Australias economic outlook is for another year of strong growth. The international economy remains supportive, the underlying economic fundamentals continue to be favourable and policy is directed at raising Australias long-term growth potential. Of particular importance for the 1996-97 outlook, inflation is subdued, asset prices are stable and business and consumer confidence remain positive, while corporate profits and the net rate of return on investment are both healthy. In addition, the constraining influences of the housing and stock cycles felt through 1995-96 appear to be waning.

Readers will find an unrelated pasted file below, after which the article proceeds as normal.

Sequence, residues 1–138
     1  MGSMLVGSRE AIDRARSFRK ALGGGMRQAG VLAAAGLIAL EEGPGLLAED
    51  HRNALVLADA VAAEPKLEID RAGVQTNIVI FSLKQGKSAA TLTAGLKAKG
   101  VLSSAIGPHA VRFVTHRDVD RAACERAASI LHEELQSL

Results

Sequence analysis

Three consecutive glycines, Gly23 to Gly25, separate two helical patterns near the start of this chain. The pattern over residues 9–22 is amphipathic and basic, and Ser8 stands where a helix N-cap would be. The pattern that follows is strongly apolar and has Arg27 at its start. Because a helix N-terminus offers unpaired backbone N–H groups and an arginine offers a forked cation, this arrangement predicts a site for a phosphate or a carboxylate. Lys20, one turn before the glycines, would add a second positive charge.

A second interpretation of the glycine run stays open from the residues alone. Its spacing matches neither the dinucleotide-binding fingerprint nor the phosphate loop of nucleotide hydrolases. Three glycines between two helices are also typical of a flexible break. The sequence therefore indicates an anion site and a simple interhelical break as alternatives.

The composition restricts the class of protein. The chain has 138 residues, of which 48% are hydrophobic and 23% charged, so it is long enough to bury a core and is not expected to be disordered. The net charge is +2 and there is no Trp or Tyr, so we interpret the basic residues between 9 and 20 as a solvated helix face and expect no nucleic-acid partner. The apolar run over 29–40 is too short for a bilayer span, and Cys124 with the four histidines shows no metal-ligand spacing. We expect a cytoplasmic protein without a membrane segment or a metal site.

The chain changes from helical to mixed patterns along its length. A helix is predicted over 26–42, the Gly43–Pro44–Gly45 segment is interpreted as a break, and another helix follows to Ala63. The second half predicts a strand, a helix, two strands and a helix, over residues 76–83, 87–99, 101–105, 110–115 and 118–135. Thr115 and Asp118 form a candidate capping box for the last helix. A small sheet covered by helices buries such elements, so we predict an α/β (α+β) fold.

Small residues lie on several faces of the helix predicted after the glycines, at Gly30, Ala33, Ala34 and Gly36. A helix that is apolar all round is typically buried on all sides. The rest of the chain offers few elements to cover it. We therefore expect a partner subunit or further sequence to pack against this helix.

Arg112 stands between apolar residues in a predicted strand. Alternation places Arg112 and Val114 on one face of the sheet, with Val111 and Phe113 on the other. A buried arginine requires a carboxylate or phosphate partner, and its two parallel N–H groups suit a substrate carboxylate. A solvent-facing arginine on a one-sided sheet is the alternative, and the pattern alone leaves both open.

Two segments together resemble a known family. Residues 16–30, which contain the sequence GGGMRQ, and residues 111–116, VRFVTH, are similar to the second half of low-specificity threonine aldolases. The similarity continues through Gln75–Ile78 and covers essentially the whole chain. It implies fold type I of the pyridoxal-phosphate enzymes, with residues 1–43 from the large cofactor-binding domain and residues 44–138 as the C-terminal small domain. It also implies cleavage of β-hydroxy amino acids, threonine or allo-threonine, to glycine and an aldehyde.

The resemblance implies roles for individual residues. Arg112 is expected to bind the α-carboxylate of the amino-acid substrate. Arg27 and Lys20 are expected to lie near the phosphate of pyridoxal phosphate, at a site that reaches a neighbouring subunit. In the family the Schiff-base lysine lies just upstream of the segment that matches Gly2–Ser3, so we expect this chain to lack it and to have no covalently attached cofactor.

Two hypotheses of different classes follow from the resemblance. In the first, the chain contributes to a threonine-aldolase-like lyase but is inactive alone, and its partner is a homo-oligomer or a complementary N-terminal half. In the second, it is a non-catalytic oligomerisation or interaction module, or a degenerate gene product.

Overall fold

It is against this favourable economic backdrop that the longer-term benefits of fiscal consolidation are being sought. Those longer-term benefits of structural improvements in the budget balance are widely accepted. There is less certainty about the net short-term impacts. In the short term, the direct effects of changes in real Commonwealth expenditure and net transfer payments to individuals and other governments are reasonably clear, but the indirect effects on confidence in the business and household sectors and on financial markets are more difficult to assess. To the extent that private sector activity is boosted because confidence is improved, or market interest rates or the exchange rate are lower than they otherwise would be, the indirect effects provide offsetting influences to the direct contractionary impact of the consolidation. The forecasts presented here incorporate an assumption that possible confidence effects, while significant, do not fully offset the direct short-term effects of the measures, resulting in a small net contractionary impact on activity in 1996-97.